The Ghost of Jupiter Nebula

The Blue Snowball

Ghost of Jupiter

This planetary nebula appears as a softly glowing pale bluish disk in a small telescope. The glowing disk measures about 40 arc-seconds by 35 arc-seconds. It is commonly known as the "Ghost of Jupiter." The bluish green color is due to the strong emission of doubly ionized oxygen or O-III resulting from the strong ultraviolet radiation of a hot 60,000 degree K central hot blue drawf star causing the gas to fluoresce. The luminosity of the central star is about 25 times that of our Sun. The Ghost of Jupiter is one of the nearest planetary nebulae to our solar system.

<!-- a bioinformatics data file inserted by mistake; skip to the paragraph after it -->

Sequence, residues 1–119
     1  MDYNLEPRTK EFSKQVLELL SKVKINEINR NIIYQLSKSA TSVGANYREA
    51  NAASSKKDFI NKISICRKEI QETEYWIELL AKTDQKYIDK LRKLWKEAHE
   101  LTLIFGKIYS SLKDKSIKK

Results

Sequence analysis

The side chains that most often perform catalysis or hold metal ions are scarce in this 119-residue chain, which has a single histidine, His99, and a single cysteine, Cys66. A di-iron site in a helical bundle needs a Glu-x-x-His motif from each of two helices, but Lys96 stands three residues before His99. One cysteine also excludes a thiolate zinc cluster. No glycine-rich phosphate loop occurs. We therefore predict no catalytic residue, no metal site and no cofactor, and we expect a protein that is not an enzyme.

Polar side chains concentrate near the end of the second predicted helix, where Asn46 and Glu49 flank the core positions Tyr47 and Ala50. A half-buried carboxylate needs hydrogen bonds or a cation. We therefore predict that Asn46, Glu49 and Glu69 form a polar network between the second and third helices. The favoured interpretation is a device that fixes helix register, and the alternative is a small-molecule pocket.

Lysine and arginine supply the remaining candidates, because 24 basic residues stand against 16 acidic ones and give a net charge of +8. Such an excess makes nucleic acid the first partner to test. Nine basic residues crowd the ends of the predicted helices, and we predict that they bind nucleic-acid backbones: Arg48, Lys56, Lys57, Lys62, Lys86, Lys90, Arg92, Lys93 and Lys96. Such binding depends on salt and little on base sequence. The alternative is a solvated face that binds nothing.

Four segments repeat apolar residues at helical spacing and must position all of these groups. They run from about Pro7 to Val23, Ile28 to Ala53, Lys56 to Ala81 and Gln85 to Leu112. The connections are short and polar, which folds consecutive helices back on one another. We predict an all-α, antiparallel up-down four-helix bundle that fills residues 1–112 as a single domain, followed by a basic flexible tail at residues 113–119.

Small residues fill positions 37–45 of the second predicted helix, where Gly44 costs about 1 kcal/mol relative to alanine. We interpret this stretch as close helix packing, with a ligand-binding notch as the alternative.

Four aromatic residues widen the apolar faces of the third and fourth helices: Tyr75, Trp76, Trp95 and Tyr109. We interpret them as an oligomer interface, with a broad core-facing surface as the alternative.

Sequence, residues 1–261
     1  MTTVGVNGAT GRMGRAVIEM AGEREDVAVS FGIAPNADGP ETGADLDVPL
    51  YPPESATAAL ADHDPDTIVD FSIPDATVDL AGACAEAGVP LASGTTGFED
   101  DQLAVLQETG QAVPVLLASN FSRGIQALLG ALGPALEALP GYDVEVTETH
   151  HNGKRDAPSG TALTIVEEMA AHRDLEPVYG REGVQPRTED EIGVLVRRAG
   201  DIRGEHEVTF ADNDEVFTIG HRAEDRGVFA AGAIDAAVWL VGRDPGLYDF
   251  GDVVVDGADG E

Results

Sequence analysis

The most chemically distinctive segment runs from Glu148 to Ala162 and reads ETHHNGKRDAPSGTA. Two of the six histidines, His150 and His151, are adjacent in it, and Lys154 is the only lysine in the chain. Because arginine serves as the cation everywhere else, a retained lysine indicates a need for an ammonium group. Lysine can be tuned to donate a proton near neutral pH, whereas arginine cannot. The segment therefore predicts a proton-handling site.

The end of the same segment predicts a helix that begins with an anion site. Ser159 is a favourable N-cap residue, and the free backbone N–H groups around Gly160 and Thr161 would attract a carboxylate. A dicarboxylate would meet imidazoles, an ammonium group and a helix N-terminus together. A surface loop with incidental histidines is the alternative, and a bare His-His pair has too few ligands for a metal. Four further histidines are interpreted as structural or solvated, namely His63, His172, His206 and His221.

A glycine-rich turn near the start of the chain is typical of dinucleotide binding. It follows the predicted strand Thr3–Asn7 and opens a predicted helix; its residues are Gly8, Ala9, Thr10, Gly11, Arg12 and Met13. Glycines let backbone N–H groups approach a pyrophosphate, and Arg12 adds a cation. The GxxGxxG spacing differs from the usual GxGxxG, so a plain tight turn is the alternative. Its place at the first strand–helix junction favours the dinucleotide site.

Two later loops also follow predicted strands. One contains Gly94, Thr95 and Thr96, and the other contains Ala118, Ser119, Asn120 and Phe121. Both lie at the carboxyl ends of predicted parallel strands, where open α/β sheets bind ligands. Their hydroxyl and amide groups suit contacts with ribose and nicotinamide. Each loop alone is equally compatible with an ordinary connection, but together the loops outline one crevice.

This is an RGB composite CCD image taken with an SBIG ST-8XE CCD at prime focus on a Takahashi Mewlon 250 telescope operating at f12. This image was taken from my backyard in Scottsdale, Arizona.

NGC 3242
Constellation: Hydra
RA: 10h 24m 46s Dec: -18d 38' 31" (J2000)
December 7, 2008
Image by Sid Leach
Scottsdale, Arizona

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